For most entrepreneurs, the startup journey starts with an idea. You could argue, however, that the first time you involve another person in your venture is an even more significant milestone.
“You need three things to create a successful startup: to start with good people, to make something customers actually want, and to spend as little money as possible.” – Paul Graham.
It’s not a coincidence that Paul Graham, the co-founder of Y Combinator, started the list with good people. Early-stage startup ideas are bound to change a lot and have very little value before they are tested against reality (before it is proven that the product or service is something customers actually want). It is your early-stage startup team that seeks and finds this validation.
Consequently, building a startup team is something that you need to get right from the start. Here is what you need to know about startup hiring in the early versus growth stages.
The Early-Stage Startup Team
The early-stage startup team is to a large degree defined by the first and third parts of Paul’s advice. You need to attract the right people while carefully budgeting for the next stages of the business. This is a critical point because the more funds you have, the more time you will have to iterate on your ideas and try different approaches. And the better your team, the better your execution, and the higher the chances of building and marketing something people need.
The early-stage startup investment fund, First Round Capital, shows that teams of two or more founders outperform solo founders by 163%. This highlights the importance of the early-stage team. Having a team right from the very start is ideal.
Generally speaking, your team needs to cover two important areas:
First, you need at least one person adept at marketing and sales who knows the industry. This person would be responsible for talking to customers and gathering their feedback, which is the single most important activity if you want to ensure you are developing a startup product customers want.
Second, you need a person with the required technical ability to build the product with which you can test the market.
Once your startup manages to acquire resources (usually through fundraising after showcasing early-stage traction), it is a good time to expand your team. The important thing to keep in mind is that you are not yet a traditional business, which means you don’t need traditional employees. You need people with an entrepreneurial disposition, a high-risk tolerance, and most importantly – a lot of proactivity.
Your early-stage team members act a lot like co-founders, so it’s imperative that you find highly-motivated people who are willing to pull their own weight and have energy left to spare.
The Growth Stage Startup Team
If your early-stage team is successful, your business will grow and you will have access to more resources, which would allow you to do more hires.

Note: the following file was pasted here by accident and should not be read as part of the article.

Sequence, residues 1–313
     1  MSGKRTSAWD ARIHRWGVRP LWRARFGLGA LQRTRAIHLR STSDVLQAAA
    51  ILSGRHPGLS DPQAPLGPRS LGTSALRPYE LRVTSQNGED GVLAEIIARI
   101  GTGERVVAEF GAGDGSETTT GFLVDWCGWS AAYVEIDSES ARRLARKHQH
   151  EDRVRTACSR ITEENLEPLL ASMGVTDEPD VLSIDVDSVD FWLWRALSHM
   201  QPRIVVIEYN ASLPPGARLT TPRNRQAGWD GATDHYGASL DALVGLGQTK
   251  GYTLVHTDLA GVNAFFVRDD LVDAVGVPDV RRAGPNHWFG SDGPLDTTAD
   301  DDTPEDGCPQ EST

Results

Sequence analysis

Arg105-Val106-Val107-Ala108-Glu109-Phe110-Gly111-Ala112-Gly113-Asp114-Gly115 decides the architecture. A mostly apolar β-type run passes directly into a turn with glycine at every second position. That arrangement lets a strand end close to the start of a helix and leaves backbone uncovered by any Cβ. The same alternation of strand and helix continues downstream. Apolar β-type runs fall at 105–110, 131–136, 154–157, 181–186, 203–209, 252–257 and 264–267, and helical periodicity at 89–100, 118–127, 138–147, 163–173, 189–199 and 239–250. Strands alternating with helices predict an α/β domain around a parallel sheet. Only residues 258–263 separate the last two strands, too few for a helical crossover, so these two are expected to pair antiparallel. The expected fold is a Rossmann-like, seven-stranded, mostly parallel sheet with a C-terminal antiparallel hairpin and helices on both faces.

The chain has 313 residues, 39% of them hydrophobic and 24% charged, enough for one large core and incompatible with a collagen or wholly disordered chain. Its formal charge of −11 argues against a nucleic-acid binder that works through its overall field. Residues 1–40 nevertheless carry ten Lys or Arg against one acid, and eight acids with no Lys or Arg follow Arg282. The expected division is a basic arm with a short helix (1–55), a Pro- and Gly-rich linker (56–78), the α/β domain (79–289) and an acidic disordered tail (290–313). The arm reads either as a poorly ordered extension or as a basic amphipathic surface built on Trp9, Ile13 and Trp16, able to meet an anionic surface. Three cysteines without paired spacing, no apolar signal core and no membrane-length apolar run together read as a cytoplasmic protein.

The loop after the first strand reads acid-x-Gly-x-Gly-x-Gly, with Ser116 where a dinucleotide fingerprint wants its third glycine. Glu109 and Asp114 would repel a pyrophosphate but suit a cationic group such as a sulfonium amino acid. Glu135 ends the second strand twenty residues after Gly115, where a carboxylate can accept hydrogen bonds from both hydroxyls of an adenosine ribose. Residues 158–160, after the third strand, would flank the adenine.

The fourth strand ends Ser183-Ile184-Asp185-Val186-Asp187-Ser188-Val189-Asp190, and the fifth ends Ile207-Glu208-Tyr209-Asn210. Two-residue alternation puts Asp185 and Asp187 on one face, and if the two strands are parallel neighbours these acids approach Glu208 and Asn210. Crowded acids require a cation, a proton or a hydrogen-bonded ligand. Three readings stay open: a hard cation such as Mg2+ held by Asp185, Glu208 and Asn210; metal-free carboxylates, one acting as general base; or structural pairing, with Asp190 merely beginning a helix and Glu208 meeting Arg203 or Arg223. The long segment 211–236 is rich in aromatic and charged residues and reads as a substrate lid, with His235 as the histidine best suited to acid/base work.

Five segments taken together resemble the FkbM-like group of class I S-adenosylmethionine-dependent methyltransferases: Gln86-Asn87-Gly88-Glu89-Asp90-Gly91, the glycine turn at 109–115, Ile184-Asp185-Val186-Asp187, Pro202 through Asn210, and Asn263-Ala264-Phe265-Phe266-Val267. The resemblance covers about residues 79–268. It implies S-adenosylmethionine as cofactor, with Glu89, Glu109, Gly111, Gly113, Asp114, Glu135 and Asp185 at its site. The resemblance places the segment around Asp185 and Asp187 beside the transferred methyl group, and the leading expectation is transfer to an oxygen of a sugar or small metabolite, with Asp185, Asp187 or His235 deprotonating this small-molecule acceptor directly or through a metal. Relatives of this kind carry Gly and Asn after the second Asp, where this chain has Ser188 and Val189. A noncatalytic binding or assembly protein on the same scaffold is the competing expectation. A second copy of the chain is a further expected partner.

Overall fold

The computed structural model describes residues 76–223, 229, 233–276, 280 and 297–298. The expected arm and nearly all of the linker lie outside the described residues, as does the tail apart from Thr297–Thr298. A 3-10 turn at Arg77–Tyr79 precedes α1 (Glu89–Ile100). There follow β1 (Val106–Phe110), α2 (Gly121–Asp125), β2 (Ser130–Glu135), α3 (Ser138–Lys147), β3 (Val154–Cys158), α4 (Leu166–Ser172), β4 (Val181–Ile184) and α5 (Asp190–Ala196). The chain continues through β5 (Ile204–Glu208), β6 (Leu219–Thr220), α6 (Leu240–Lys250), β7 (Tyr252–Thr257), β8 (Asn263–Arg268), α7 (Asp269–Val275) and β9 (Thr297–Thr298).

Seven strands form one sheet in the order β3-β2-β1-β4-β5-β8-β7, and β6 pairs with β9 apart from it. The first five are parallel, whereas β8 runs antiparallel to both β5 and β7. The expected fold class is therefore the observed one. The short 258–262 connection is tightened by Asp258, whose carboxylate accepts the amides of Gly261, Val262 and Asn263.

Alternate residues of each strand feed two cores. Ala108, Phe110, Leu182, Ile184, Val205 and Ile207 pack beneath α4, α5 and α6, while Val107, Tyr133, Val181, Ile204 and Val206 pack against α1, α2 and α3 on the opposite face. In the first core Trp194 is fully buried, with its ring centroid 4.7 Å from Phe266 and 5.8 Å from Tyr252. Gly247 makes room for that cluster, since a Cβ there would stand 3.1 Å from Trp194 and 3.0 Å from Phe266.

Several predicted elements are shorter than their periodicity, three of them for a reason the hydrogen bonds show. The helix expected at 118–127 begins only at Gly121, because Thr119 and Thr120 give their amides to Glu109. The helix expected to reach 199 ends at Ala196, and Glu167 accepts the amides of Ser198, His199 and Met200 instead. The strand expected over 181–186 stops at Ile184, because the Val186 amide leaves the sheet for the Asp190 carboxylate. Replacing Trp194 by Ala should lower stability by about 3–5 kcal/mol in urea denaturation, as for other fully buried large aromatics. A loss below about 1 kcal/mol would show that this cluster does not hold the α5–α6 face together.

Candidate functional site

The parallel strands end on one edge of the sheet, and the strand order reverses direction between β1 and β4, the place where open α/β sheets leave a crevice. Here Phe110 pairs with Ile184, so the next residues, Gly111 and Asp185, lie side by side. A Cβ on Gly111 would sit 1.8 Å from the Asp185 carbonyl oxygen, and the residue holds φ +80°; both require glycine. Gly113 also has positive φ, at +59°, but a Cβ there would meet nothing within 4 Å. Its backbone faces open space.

At this stage, the requirements of the business are also growing in complexity. You will need more salespeople and engineers, but you will also need people to take care of the legal and financial side of your business.
That said, one of the biggest startup killers is premature scaling, a part of which is over-hiring before the business needs can justify it. According to data from the Startup Genome project, 70% of the startups in their study suffered from premature scaling, and at the same time, not even one startup that scaled prematurely passed the 100k user mark.
In the growth stage, it is important to carefully decide whether to grow your in-house team or outsource all the functions you can afford. Growing your in-house team creates a lot of long-term intrinsic value (usually in the form of culture), but at the same time, it increases your fixed costs and makes your business less flexible. It is very hard to downsize and upscale fast enough, which could create dangerous liquidity problems.
If your cash flows are volatile (and they often are for growth-stage startups), it is usually a better idea to outsource in order to keep your core team small and flexible.
In conclusion, a good startup team is undoubtedly one of the prerequisites for startup success. Every business is different. However, as a rule of thumb, when it comes to investing your funds in recruiting an exceptional team or team member, think about how this investment will help you move your startup forward. A team is an investment and different teams will lead to a different return on your investment. Investing in the wrong team will have negative consequences.
There many startup areas where you should always be thinking about ways to reduce costs. It is different with hiring. Involving the wrong person or team can cost significantly more than the premium paid for the right recruits, especially in the early days when the goals of every team member must be aligned.